We must ensure that indispensable aid – food, medicine, necessary equipment, arms – is delivered to representatives of the Syrian collectives battling for democracy, social justice and national dignity and who respect the diversity of the country.
September the 5th.
Jacques Babel (a member of the NPA responsible for international work and in particular coordinating work with and in the Arab region).
At the end of August (that is prior to the latest threat of intervention) an important on-line debate on the left on the Syrian opposition took place organised by the US Campaign for Peace and Democracy (CPD).
The issue of arms played an important part in this in the discussion.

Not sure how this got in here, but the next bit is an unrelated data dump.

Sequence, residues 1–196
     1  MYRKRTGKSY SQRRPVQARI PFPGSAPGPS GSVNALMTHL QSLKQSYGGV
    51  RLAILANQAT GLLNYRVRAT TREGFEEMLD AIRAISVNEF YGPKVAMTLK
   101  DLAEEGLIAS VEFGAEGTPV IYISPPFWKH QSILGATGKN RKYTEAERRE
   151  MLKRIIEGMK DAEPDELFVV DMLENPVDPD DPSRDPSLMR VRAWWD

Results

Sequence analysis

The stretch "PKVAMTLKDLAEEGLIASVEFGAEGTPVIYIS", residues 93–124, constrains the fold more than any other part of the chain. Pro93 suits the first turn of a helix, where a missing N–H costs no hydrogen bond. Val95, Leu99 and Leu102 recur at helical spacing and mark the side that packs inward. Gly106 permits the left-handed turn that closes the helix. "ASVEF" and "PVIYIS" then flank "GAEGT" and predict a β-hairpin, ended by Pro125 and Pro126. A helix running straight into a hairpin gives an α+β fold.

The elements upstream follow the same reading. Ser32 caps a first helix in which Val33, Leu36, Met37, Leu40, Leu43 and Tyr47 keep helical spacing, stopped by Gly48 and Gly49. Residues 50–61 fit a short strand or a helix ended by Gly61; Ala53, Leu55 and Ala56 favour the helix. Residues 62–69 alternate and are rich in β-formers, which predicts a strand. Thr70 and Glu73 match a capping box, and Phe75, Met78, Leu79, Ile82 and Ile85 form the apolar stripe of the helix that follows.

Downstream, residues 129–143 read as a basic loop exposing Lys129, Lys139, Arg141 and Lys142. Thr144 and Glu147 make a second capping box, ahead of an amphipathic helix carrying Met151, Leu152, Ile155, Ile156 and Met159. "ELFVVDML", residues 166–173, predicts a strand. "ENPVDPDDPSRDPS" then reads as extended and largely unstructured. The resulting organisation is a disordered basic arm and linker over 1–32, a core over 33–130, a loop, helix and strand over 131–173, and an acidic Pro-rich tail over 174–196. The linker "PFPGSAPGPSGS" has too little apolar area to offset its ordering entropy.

Michael Karadjis has thoroughly put the case that there are strong reasons to back democratic forces on the ground,
Throwing the whole Syrian uprising into the “jihadi” camp undermines the very forces within the revolution that confront this reactionary trend on a daily basis (see for examples of popular demonstrations, slogans, declarations etc. against these currents and their actions here, here, here,here, here and elsewhere).
His position is summarised as, while ”defending the right of Syrian revolutionaries to obtain arms, he believes that the ongoing militarisation of the conflict favours both Assad and the Islamists; therefore he thinks a ceasefire would be in the best interest of the revolution, allowing a revival of the mass movement that initiated the revolt against the regime.”
Salameh Kaileh begins from the standpoint of the Syrian Revolution. He states that, “rebels should find other ways to get weapons, and must establish real army forces capable of struggle until victory.”